The iShares Nasdaq Biotechnology ETF (NasdaqGS: IBB), the largest biotech exchange traded fund by assets, extended a bear market in the first quarter. Some rival biotech ETFs fared significantly worse, but the group has started to rebound and that has some technicians calling for more upside from the once hot biotech ETF space.
The time to buy, regardless of sector, is usually when a particular group falls out of favor, not when it has been bid higher by scores of investors. Some investors view that as the case with the broader healthcare group and biotechnology in particular.
Biotechnology ETFs should also prove immune to hawkish changes in Fed policy. A recent study by Deutsche Bank indicates major biotech indexes have negative correlations to changes in 20-year U.S. government bonds. Looking ahead, in the years through 2024, spending growth is projected to average 5.8% and peak at 6.3% in 2020.
Multiple factors, including politics, have hampered IBB and its peers. Election year posturing over drug prices represents a significant headwind for the healthcare sector and that is something biotech ETFs like IBB have already proven vulnerable to. Just go back to September 2015 and refer to Hillary Clinton’s Twitter feed.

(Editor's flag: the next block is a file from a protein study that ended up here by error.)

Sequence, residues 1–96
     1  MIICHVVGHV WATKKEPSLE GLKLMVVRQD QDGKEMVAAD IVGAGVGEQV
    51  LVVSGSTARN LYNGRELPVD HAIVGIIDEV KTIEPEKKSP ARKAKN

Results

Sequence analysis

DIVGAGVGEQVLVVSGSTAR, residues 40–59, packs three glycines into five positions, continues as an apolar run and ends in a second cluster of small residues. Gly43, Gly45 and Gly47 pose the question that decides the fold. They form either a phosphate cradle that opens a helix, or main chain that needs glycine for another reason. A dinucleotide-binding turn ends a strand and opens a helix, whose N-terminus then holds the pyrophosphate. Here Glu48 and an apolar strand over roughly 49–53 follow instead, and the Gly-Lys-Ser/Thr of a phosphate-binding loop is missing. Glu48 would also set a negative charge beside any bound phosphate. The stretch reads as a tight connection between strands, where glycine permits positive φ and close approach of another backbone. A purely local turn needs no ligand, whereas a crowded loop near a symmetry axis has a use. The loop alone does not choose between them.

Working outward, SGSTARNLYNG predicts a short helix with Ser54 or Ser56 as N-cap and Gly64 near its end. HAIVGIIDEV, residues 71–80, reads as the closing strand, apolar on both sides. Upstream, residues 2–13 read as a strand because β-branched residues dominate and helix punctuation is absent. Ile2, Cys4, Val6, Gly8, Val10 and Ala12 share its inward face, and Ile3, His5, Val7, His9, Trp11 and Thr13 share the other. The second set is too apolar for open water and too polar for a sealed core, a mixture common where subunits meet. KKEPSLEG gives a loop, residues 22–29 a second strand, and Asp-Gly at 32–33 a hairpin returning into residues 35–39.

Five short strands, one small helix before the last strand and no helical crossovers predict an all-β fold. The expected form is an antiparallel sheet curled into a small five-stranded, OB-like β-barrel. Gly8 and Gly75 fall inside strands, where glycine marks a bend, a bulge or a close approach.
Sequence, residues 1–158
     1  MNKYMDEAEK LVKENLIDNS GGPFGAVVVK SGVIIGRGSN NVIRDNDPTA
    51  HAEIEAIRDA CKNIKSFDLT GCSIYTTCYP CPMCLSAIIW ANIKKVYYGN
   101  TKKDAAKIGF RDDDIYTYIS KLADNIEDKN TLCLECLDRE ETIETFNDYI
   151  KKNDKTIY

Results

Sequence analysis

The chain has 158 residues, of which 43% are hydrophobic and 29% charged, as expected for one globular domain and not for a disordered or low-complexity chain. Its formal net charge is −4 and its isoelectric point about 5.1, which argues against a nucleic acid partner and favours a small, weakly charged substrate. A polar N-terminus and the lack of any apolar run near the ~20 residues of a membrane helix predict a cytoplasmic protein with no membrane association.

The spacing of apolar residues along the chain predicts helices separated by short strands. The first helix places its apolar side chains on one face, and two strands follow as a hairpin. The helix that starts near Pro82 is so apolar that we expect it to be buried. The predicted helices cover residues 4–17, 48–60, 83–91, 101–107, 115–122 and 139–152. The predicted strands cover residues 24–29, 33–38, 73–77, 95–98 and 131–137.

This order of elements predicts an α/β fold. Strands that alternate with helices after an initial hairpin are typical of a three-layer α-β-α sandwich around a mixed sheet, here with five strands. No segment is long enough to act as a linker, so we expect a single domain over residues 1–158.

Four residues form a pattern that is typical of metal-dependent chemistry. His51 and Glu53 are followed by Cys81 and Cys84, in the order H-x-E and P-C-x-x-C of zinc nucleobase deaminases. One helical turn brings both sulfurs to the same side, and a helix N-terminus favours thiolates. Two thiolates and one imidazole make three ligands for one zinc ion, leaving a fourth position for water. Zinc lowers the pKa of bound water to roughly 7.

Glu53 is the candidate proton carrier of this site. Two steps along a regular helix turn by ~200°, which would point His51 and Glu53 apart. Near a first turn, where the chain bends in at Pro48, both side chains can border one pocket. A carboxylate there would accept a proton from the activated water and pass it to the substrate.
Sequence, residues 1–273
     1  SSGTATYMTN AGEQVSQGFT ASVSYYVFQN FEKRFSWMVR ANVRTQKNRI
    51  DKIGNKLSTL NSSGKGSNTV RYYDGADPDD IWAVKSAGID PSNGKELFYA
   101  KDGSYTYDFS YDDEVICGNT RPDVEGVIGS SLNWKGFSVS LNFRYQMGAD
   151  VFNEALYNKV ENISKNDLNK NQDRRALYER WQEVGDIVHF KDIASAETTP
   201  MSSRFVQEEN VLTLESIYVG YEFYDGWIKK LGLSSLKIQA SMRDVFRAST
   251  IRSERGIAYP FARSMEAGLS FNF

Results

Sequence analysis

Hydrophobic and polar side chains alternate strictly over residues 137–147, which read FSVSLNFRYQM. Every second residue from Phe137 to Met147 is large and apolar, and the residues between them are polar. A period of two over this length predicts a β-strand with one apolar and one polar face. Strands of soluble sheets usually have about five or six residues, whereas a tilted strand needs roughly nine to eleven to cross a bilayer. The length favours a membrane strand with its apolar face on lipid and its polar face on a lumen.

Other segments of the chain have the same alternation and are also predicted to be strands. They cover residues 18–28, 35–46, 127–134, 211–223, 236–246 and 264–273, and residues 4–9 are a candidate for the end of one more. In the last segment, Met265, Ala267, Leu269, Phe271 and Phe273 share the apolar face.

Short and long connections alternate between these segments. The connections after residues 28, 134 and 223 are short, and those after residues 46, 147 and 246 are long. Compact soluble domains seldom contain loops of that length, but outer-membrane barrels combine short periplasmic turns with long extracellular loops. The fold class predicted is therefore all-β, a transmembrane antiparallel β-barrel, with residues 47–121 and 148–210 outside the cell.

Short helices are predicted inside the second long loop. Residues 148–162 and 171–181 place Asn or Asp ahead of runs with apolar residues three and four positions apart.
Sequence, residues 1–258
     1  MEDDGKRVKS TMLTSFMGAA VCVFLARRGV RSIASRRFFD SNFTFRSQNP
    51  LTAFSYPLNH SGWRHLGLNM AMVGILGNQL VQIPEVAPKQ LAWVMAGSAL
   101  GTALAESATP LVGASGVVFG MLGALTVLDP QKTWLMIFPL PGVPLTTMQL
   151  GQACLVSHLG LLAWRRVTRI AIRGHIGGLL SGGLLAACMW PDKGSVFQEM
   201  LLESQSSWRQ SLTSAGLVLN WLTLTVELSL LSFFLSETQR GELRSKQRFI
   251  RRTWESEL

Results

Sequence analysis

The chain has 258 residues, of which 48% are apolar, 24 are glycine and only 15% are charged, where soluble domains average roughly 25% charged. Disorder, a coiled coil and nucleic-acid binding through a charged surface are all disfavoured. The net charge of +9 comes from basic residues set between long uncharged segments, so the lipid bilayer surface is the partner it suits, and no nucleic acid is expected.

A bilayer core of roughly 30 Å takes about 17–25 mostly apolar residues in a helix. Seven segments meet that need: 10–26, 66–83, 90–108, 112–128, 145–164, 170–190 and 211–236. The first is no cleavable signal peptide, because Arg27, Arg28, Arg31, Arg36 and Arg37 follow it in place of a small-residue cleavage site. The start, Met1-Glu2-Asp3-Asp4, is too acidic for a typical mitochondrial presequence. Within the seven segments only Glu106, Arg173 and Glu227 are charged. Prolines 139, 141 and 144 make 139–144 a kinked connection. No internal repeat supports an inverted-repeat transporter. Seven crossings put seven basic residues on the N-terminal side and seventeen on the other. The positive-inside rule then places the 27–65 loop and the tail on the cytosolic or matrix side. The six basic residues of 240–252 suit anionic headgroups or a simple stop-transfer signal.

Investors who are closely watching the presidential race will want to keep an eye on Clinton in the coming months. If Clinton makes her way to the Oval Office and implements more regulation on pharmaceutical drug pricing, biotech companies may underperform the broader market.
IBB “completed a short-term double bottom last week with a huge surge through the top of that pattern. A double bottom is named for its twin lows at about the same price. On the charts, it resembles the letter “W” and the breakout becomes official when price moves above the center peak. Volume confirmed the move by surging on the day of the breakout to suggest a sea-change of sentiment and demand. Momentum indicators and moving averages also pointed to improving conditions,” reports Michael Kahn for Barron’s.